Placer gold miner and active New Zealand gold explorer Glass Earth Gold Ltd (TSX-V, NZAS: GEL) has bought out its Otago joint venture partner for $4 million in cash and script.
It is now targeting quadrupling of gold production out of Central Otago this year.
It appears 2012 could be the year Glass Earth finally hits its straps after five years of, at times, surviving hand to mouth, and repeatedly having to seek fresh capital.
Glass Earth Gold has spent about $35 million in gold exploration around the country in almost five years, much of it in Otago, and is this year expanding gold production from one to three sites in Central Otago.
With $C3.6 M ($NZ4.51 M) cash in hand at the end of last year, the existing placer gold production unit in the Ida Valley will be joined by two more, at adjacent sites in the Manuherikia Valley.
Late last week Glass Earth Gold purchased placer gold production joint venture partner, Goldmines New Zealand Ltd and also the other 50% share of the joint venture's mining operator, Dunstan Mining Ltd, which had overseen placer mining and exploration projects around Otago.
Glass Earth chief executive Simon Henderson said all operations, equipment and staff from Dunstan and Goldmines have moved directly under Glass Earth's umbrella.
“Taking full control of placer mining activities will enable the company to significantly accelerate and increase production capacity.
“We want to be generating a healthy cash surplus from placer [gold production], which will set us apart from other greenfield operations,” he said.
Glass Earth at present targets 20-25 ounces of gold per week from the Ida Valley, but has budgeted this year for a total 100-110 ounces per week from the three sites.
In 2010, gold from the Ida Valley generated $357,000 revenue for Glass Earth. In 2011, the joint venture gold production contributed $C752,000 ($NZ943,775) in gross revenue, using just one gold recovery unit.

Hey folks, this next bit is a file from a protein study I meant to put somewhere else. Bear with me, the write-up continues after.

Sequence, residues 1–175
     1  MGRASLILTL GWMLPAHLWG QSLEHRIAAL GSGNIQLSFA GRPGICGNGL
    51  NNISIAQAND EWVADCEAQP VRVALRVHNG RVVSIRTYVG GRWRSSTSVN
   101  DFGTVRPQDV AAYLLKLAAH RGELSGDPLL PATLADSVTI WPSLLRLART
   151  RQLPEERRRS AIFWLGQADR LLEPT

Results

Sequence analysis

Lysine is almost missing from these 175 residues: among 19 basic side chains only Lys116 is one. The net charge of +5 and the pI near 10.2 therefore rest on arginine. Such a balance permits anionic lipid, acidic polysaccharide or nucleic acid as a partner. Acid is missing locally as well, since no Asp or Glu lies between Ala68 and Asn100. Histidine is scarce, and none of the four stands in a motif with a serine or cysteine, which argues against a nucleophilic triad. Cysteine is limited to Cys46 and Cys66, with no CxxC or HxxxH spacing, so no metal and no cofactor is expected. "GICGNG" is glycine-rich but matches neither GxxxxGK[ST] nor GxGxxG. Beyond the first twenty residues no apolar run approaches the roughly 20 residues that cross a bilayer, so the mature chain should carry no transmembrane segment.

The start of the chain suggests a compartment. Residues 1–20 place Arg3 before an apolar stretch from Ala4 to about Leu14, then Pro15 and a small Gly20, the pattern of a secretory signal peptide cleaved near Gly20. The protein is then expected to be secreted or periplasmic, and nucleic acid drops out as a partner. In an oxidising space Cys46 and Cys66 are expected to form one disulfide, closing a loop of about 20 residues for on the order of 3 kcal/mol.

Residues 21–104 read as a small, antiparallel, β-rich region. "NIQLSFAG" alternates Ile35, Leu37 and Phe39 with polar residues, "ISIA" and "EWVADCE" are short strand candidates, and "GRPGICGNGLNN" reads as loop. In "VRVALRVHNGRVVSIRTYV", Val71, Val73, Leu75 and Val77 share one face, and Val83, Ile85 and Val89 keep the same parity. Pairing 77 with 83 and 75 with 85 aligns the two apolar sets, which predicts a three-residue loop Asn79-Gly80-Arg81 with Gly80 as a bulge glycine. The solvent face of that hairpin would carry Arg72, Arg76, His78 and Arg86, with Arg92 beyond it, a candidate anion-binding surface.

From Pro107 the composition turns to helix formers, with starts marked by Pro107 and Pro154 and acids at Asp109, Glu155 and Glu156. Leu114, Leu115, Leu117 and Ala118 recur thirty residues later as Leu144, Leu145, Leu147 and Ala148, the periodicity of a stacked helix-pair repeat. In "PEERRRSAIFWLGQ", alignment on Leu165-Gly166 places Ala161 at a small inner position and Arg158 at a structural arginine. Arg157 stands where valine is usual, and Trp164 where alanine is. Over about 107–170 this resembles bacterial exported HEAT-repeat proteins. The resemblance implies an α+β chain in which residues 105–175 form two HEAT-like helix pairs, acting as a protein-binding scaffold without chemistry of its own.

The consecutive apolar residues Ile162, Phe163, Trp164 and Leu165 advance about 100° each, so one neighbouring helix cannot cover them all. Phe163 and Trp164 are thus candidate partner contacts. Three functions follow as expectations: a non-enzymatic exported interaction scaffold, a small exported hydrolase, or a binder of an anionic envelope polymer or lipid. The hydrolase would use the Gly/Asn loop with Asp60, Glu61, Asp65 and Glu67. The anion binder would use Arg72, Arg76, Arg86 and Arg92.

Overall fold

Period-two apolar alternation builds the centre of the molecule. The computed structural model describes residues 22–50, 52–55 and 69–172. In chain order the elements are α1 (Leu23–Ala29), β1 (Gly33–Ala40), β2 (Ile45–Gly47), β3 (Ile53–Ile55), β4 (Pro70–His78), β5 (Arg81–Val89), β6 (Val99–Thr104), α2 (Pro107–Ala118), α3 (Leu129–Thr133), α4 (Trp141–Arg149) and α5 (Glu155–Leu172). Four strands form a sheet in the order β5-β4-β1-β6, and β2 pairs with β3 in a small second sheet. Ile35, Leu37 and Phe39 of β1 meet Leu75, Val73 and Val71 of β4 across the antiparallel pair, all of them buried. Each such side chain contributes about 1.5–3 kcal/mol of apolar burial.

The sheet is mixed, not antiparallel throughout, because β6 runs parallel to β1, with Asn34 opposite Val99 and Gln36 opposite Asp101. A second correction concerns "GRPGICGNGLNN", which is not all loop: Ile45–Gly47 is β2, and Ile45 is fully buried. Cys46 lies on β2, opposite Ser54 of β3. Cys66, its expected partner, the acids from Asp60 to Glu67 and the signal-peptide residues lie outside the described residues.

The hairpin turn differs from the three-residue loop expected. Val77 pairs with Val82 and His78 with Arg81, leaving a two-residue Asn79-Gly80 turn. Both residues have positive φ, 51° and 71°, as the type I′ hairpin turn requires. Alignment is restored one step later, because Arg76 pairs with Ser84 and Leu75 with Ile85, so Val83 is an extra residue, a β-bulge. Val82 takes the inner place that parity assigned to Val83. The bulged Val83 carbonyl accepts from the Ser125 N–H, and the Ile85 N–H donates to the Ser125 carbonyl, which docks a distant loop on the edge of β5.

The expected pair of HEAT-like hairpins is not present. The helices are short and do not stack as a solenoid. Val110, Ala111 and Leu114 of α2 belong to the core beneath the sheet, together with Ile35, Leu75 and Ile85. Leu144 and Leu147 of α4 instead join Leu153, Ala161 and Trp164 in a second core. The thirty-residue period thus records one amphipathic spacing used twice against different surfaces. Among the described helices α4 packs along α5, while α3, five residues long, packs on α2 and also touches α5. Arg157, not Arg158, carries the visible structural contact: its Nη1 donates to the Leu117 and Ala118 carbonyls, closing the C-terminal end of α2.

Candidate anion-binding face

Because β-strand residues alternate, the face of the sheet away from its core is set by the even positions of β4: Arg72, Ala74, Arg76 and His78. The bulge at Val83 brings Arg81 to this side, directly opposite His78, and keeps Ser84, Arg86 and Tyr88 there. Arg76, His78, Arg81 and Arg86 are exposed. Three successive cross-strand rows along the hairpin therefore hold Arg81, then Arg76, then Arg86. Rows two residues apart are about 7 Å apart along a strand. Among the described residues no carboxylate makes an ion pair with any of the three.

Henderson said the two units being commissioned would be in the second and third quarters this year.
On the question of funding streams for operations, he said the buy-out payments totalling $2 M cash were spread over 25 months, at $80,000 per month, which left Glass Earth's cash position largely intact.
Henderson hoped that with improved cash flow there would be no need to seek any recapitalisation from shareholders this year, instead focussing on “delivering some value to shareholders.”
Craigs Investment Partners broker Peter McIntyre said while as a “niche operator,” Glass Earth's production costs would be low compared to the overheads of major producers, but it will “at some stage” have to consider going back to the market.
“Glass Earth needs a year of getting a few runs on the board for when they do have to go back to the market,” he said.
In the North Island, exploration is focused on large epithermal gold systems in the central North Island Hauraki region, including a joint venture with Newmont near its Waihi mines and its own exploration project -- at Muirs Reef.
“That [recent assays from Muirs] has been a real shot in the arm for us,” Henderson said.
Glass Earth early last week reported its second set of strong results from its diamond drilling at Muirs Reef.
The most recent assays returned results of a 2 metre intersection of gold at 38.4 grams/tonne and silver at 49.2 g/t, while in late-January results included 2m of gold at 2.46 g/t and 17m at 1.58 g/t.
*Simon Hartley is senior business reporter for the Otago Daily Times.